It's as if Scott devoted so much energy to the look of the film he completely ignored internal consistency and character motivation (like that's never happened before). I'm willing to shrug off certain things, like the fact David (a magnificent Michael Fassbender) is perfectly out in the open as an "artificial person" (as Bishop might say), or that androids are even that advanced -- recall Ash was an earlier, "twitchy" model in Alien, a film that takes place some 40 years after Prometheus. I'll even allow that Lindelof threw a lot of stuff into the mix in order to run with certain threads later on (read any interview with him and he talks about expanding these things in possible sequels), because he did that for six years in Lost. It's science fiction, in an alternative universe (it has to be, if we're supposedly going to have interstellar space flight capabilities in 70 years), so I can wave off questions about alien technology and physical properties on other planets.

At the same time -- and I feel like I ask this a hundred times a year -- what's the point? If Prometheus isn't a prequel to Alien, then why bring facehuggers and chest-bursting into the mix? If the mutations we see in the film are the ancestors of the original film's xenomorphs, why was there a depiction of a full-on alien queen inside the Engineers' ship?

But again, you can ignore most of that (casual and non-fans of the original probably won't remember enough to be annoyed), and I was fully prepared to let a lot of that slide if the end result was in any way compelling or thought-provoking, and it's not. The characters, educated explorers all, enter an ancient structure and immediately behave less like doctorate holders and more like Cub Scouts in a Shriner haunted house. Lindelof thinks he's asking Big Questions about faith and man's place in the universe, when all he and Scott have really done is create a big-budget, visually arresting slasher flick in space. The ambiguous prequel/not prequel bullshit is just a way to disguise the fact that he either has no idea what he's doing, or no intention of answering the questions he's posed.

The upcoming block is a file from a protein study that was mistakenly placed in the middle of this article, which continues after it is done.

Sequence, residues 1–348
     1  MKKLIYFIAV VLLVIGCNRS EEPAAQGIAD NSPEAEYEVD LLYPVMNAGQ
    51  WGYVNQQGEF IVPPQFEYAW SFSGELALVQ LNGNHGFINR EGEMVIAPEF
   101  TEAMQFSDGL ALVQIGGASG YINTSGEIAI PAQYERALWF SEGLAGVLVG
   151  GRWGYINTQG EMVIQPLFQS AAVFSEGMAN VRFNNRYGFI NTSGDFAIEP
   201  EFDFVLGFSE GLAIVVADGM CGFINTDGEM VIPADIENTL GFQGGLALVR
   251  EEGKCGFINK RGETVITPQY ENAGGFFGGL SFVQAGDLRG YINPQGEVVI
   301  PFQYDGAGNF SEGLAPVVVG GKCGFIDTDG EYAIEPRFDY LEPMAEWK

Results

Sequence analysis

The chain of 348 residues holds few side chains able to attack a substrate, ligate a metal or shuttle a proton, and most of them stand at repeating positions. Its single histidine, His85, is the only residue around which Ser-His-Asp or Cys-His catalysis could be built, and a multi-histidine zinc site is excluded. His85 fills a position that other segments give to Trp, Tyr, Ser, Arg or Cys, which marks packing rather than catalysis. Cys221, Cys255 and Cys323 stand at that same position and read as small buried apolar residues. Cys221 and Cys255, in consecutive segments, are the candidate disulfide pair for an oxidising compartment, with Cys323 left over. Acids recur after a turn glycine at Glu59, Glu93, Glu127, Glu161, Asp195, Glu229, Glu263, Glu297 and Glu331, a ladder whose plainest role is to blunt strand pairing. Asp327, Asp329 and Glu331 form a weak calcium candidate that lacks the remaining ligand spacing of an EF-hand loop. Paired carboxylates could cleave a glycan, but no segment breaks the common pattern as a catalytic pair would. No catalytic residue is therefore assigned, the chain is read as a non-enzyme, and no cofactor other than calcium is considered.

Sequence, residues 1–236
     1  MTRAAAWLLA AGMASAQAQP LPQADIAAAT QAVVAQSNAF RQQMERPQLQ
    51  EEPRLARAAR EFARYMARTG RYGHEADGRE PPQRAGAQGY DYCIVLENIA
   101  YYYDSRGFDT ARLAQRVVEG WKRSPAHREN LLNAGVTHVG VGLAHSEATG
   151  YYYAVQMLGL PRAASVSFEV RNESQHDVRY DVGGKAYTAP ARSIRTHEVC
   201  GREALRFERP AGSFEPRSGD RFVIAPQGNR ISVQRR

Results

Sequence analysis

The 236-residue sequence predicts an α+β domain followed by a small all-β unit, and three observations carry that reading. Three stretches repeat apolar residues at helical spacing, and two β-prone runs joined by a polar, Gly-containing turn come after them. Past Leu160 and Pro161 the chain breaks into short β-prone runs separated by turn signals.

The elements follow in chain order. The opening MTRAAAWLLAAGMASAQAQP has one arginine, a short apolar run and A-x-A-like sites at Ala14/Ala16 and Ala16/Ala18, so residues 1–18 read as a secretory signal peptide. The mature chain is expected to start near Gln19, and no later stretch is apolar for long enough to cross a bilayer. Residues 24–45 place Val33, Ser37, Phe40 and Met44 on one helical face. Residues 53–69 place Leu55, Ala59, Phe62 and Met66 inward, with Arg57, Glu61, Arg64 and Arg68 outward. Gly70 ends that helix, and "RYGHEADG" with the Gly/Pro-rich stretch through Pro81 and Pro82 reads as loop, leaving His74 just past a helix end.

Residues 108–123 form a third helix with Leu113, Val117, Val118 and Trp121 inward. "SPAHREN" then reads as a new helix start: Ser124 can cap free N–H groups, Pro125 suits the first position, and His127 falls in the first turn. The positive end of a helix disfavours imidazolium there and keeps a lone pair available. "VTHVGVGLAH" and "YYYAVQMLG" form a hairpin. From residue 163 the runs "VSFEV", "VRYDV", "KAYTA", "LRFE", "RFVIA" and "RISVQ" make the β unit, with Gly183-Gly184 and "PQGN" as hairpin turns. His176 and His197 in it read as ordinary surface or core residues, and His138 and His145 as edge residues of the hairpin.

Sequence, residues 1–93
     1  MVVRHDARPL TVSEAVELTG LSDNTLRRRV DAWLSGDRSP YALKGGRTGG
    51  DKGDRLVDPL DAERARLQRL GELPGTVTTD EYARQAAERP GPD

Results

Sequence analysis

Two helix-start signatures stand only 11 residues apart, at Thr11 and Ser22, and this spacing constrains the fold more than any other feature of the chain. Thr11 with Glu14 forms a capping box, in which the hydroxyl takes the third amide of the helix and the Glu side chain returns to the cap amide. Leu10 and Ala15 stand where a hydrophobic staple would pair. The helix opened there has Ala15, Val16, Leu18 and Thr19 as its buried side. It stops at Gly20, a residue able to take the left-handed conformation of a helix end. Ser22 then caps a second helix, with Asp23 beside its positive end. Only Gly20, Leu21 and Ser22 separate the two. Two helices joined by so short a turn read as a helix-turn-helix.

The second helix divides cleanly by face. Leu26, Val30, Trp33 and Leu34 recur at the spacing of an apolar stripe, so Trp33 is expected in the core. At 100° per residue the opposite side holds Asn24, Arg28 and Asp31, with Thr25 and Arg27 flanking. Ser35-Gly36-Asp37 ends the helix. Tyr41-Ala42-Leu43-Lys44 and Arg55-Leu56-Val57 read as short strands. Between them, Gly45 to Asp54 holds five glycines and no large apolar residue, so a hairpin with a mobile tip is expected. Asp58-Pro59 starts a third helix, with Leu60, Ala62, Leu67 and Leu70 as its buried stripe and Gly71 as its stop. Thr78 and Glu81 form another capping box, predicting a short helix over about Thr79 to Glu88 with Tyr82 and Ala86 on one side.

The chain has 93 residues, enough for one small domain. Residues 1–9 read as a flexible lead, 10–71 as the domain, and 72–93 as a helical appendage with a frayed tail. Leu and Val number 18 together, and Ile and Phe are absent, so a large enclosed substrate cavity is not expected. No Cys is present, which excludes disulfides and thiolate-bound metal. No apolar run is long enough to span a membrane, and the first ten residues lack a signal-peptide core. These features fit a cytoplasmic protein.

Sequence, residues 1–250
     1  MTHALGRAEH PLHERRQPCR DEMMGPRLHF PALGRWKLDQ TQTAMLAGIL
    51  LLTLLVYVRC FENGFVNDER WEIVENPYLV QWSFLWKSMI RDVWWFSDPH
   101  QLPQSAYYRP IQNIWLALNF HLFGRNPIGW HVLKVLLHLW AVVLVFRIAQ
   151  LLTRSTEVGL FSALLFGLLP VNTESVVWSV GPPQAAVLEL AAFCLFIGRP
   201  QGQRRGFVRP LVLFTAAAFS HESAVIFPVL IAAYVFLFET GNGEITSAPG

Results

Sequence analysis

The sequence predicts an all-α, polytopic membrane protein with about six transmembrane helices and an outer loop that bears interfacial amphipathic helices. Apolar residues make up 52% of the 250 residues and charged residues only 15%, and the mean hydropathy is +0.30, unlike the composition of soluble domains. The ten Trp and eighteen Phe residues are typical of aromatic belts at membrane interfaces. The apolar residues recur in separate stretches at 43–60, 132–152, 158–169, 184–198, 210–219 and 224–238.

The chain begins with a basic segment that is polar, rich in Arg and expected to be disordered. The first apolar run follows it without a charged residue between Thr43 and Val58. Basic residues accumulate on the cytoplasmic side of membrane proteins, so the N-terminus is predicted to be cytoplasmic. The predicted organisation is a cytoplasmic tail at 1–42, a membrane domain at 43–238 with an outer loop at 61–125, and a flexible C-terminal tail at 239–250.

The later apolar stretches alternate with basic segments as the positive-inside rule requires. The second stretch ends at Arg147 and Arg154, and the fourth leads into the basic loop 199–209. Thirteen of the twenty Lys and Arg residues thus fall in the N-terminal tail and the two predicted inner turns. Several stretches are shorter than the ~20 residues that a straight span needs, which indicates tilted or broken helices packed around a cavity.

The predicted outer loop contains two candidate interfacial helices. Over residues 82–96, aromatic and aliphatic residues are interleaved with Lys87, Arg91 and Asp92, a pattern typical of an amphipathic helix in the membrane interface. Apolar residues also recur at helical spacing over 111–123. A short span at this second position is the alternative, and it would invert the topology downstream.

The good? Fassbender is fasstastic, Rapace -- while no Ripley -- is plenty resourceful (her MediPod scene rivals Kane's "birth" in the body horror category) and Elba isn't entirely wasted. What's more frustrating is the feeling, at movie's end, that everything was deliberately left unsolved solely to keep you interested for another movie (or two). If that's the case, the joke's on Scott and Lindelof, because I have no interest in following this particular story any further.

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Peter Vonder Haar writes movie reviews for the Houston Press and the occasional book. The first three novels in the "Clarke & Clarke Mysteries" - Lucky Town, Point Blank, and Empty Sky - are out now.
Contact: Pete Vonder Haar